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World Physical Activity Day has been celebrated on April 6 since 2003. For the first time, countries represented at the World Health Assembly of the World Health Organization have unequivocally stated that a sedentary lifestyle is associated with non-communicable diseases such as hypertension, diabetes or obesity. Physical activity was also recognized as a key tool to prevent and help treat these diseases. Physical activity became part of the Public Health agenda and it was determined that the “World Physical Activity Day” should be celebrated, raising the population’s awareness of physical activity as an effective and easy measure to prevent diseases and improve health.
The benefits of physical activity have been known for a long time. In Ancient Greece, one of the most famous physicians of antiquity – Hippocrates (460–370 BC) – said that “food and exercise work together to produce health”. There is evidence that exercise can help prevent and treat at least 26 diseases. In this list we find cardiovascular, neurological, metabolic, respiratory, musculoskeletal, psychiatric and neoplasms diseases. Exercise improves cardiorespiratory fitness, bone and muscle health, helps maintain a healthy weight, and preserves cognitive function and autonomy in older people.
But if all these reasons weren’t enough, there are many more to be physically active. And it’s not just because the “doctor ordered”. It is also why physical exercise makes us feel: “I feel good when I’m swimming”, “I feel more energetic when I run”, “I like to dance”, “I can walk longer now”, “I am able to cross the street”.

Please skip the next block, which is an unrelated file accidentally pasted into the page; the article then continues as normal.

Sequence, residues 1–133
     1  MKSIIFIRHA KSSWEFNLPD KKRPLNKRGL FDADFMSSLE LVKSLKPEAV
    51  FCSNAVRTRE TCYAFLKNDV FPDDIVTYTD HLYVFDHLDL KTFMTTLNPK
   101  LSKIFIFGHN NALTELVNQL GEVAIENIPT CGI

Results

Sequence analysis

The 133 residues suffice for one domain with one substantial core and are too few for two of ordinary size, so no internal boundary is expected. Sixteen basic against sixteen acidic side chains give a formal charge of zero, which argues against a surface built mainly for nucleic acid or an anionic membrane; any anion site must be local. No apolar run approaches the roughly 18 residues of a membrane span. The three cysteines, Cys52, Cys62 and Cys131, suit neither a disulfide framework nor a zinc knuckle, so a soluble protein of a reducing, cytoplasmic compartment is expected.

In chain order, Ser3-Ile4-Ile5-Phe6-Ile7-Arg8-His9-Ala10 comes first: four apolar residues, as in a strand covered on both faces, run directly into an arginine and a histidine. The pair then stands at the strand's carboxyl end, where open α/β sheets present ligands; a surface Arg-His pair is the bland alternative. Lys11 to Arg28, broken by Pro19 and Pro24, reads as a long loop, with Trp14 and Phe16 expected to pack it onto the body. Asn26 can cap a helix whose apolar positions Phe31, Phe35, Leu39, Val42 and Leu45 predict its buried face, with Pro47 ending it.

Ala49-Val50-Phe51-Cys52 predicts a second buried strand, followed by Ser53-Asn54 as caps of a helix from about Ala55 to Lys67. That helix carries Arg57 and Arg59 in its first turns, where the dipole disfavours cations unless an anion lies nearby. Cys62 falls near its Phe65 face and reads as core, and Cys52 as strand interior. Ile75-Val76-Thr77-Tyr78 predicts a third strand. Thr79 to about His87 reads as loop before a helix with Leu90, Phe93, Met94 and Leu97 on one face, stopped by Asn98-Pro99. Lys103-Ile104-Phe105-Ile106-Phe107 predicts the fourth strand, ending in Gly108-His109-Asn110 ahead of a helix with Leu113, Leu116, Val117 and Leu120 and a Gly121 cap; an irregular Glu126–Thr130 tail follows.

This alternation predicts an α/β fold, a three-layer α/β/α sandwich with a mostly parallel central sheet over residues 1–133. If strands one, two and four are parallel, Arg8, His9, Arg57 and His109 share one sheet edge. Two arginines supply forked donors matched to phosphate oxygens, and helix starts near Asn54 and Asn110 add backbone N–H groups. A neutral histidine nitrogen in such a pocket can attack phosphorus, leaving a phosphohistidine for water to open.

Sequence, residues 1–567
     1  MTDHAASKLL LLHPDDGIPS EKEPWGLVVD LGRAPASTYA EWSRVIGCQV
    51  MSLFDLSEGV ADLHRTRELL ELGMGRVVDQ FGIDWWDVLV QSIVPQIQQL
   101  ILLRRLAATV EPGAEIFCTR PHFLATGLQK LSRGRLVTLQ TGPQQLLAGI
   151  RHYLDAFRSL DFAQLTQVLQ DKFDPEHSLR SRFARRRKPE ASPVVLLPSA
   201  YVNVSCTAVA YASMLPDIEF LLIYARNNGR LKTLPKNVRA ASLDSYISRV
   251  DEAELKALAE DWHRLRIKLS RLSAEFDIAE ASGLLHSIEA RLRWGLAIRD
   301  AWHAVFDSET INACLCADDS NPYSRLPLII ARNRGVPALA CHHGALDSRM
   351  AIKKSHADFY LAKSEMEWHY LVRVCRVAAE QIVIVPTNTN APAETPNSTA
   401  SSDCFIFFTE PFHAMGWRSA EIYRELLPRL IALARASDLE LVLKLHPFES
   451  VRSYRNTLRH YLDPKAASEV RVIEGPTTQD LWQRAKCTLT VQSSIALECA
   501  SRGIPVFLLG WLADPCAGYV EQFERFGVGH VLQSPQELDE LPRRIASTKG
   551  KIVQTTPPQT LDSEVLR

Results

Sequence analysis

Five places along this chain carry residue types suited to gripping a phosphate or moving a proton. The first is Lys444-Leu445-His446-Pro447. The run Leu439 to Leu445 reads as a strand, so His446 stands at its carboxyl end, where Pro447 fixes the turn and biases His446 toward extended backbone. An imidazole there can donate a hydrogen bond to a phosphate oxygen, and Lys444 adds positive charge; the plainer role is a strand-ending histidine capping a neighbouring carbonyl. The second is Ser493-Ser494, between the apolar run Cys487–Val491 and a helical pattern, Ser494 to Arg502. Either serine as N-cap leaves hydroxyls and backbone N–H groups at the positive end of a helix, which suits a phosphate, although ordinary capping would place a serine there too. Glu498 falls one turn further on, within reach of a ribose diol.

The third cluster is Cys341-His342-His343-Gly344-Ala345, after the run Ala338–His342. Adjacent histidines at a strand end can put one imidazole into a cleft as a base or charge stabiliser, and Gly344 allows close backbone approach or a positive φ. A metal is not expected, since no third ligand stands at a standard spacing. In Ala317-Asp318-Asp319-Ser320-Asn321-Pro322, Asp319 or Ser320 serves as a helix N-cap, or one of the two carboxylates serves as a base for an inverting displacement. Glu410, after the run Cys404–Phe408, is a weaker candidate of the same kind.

But what is physical activity? Is it something very complex and requires heavy logistics? No! It is any movement performed by the main muscles of the body, which results in energy expenditure above resting values. It could be walking to work, gardening, dancing or running. The concept of exercise comprises all the conscious practice of physical activity, normally planned and carried out with a specific objective, whether for example, running faster, gaining muscle mass or losing weight. Sport already involves organized play and competition.
Current World Health Organization recommendations for physical activity for adults are 150 minutes per week of moderate intensity or 75 minutes of vigorous intensity. Most Portuguese, in all age groups, do not comply with these guidelines.
In 2016, the Directorate-General for Health created the National Program for the Promotion of Physical Activity, bringing health professionals closer to exercise. It is important that health professionals, whenever possible, ask about physical activity habits. In a sedentary person, every moment is an opportunity to influence, clarify and motivate the practice of physical exercise.
For those who are already physically active, contact with the healthcare professional should focus on long-term exercise maintenance and injury prevention. There are other times when support from a healthcare professional can be important, when there is an acute injury (eg, a muscle tear) or overload (eg, tendinopathy). It is important to treat the injury, allowing a return to exercise as soon as possible, but also safely, ensuring that there are no long-term complaints.
For those who want to go “beyond” and improve their sports performance, there is also a lot to intervene. A multidisciplinary team made up of doctors, nurses, physiotherapists, podiatrists, nutritionists, sport psychologists and exercise physiologists can help improve performance and preserve the athlete’s health.
The World Health Organization recommends that “physical activity is good for the heart, body and mind”, stressing that “any amount of physical activity is better than none and more is better”. And it is important not to forget that all physical activity counts: walking, vacuuming the house, dancing, playing football with friends, cycling, running in the park, playing padel…
And why not start today?